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U.S. Air Force Modifies F-22 Raptor for New Era

A new era is under way as maintenance members modify an F-22 Raptor for the first time.

By G. A. Volb / Ogden Air Logistics Center Public Affairs

HILL AIR FORCE BASE, Utah, April 18, 2006 – A new era for members of the 309th Maintenance Group here is under way as they modify an F-22 Raptor for the first time.

The aircraft is the first of 12 to 14 scheduled to visit Hill this calendar year for minor modifications. A total of 18 are contracted to undergo work here.

"We're excited," said Guy Phillips, F-22 maintenance squadron director for the 309th Maintenance Group, about its new customer. "Most of us are a little apprehensive, but are well prepared and have lots of experience on aircraft."

"We're also confident that, with the experienced Lockheed contractors training us, we'll establish our comfort zone and reduce our training curve quickly," he noted.

U.S. Air Force Maj. Evan Dertien, flying out of Langley Air Force Base, Va., ferried the aircraft to Hill, exiting its cockpit to a warm mix of local maintainers and media representatives, and then fielded questions about the 21st century aircraft for nearly 20 minutes.

"Our first modification is night air-to-air refueling designed to enhance the boom operator's night vision and receptacle location while performing in-flight refueling."

Guy Phillips

He was all smiles as the crowd of print and broadcast journalists queried him on everything from the Raptor's increased capabilities to how comfortable it was to fly.

"It's really very comfortable," said Dertien, as he addressed the throng of media on Hill's flight line.

"There's nothing like it anywhere else in the world," he said. "Flying it is a dream come true for me having heard about it during its initial development stage years ago."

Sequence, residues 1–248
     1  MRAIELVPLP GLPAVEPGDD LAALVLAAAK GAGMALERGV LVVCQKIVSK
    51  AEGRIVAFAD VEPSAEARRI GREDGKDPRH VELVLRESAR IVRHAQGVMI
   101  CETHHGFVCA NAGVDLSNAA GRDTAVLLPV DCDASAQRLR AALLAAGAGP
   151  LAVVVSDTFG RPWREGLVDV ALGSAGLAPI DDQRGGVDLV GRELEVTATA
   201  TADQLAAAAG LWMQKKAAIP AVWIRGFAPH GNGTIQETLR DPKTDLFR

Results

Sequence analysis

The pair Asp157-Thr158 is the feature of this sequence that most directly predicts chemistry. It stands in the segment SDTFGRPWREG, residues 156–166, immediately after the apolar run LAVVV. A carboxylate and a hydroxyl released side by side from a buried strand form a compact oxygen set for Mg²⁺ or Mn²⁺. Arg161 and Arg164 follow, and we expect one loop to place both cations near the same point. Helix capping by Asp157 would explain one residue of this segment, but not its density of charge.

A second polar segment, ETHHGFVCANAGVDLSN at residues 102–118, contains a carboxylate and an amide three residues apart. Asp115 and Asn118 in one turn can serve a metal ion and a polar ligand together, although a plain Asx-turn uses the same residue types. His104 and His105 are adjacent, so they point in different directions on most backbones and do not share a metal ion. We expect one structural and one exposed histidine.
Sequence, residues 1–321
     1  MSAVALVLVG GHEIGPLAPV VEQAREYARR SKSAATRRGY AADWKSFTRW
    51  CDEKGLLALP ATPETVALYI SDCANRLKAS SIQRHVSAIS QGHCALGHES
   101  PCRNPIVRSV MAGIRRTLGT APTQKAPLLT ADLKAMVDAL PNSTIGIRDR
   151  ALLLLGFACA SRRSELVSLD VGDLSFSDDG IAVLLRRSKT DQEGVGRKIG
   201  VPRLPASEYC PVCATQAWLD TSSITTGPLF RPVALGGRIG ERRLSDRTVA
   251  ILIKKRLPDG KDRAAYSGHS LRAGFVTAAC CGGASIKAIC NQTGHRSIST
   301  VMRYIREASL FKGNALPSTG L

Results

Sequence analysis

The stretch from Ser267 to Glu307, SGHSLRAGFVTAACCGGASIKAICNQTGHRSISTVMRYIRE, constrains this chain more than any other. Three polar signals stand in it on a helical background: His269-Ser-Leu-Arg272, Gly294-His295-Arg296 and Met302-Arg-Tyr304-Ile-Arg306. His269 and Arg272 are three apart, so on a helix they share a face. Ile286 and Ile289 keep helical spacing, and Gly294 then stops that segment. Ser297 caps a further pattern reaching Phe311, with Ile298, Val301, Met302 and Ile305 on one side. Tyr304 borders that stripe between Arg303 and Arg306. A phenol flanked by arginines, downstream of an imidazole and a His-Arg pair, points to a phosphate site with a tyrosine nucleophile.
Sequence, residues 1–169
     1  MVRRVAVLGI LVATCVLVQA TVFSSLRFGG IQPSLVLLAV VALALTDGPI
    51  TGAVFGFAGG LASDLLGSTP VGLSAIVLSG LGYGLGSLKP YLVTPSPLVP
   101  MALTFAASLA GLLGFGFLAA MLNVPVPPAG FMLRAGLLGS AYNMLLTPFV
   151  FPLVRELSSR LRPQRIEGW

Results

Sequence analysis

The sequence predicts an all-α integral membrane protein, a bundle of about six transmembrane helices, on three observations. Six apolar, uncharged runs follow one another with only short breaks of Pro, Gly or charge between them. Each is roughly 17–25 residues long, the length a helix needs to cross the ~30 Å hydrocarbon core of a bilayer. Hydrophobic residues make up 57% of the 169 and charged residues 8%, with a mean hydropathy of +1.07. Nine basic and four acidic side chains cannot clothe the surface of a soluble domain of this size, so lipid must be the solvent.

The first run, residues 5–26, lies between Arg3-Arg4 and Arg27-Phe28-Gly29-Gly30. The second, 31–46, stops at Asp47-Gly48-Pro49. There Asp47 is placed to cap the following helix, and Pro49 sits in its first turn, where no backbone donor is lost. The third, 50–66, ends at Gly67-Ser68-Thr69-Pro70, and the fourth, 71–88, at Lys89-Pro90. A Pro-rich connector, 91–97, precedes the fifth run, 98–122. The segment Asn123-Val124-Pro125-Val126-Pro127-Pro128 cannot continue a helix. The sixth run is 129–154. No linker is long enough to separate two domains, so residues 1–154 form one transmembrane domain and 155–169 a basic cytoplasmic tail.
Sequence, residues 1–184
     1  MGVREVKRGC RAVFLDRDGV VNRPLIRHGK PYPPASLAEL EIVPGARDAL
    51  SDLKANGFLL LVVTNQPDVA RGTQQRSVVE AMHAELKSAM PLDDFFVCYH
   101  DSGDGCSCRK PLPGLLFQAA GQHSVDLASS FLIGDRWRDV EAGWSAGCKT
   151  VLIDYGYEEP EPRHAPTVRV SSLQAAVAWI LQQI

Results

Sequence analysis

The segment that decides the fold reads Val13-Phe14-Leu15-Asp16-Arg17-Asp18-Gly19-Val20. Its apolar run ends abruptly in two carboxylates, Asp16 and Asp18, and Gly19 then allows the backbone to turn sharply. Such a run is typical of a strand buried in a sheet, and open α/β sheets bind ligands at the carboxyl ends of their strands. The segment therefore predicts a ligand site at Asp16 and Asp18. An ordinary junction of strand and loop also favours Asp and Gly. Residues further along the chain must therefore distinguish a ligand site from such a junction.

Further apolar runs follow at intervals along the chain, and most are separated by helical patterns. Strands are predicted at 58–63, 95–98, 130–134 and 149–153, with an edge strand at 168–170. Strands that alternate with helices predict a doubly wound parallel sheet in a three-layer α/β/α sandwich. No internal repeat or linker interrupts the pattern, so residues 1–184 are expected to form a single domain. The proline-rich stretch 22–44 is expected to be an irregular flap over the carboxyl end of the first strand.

The major said even its closest rivals aren't in the same league.

The Raptor combines sensor capability, integrated avionics, situational awareness and weaponry providing pilots first-kill opportunity against threat airborne or on the ground.

See Caption.
The first F-22 arrives at Hill Air Force Base, Utah for depot work and minor modifications. U.S. Air Force photo by Bill Orndorf

F-22 pilots use a sophisticated sensor suite to track, identify, shoot and kill air-to-air threats before being detected.

"We can track targets and initiate contact before they even know we're in the area," said Dertien. "By the time they realize we've engaged it's too late."

According to Phillips, each F-22 should spend 35 days here.

"Our first modification is night air-to-air refueling designed to enhance the boom operator's night vision and receptacle location while performing in-flight refueling," he explained.

Phillips said the first three aircraft will be worked by one shift due to ongoing training, but the rest will be worked on by two shifts.

In preparation of the F-22's arrival, many of the maintainers attended classes at Nellis Air Force Base, Nev., to bring them up to speed.

"They have been excellent to gear up and train not only the depot civilians, but also our 649th Combat Logistics Support Squadron here that is part of our F-22 team," said Phillips. "Due to the complex nature and constant advancements in aircraft technology, our people are always being trained and certified. Our on-the-job training is being provided by Lockheed Martin and Boeing - the original manufacturers of the Raptor."
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Nov. 27, 2014
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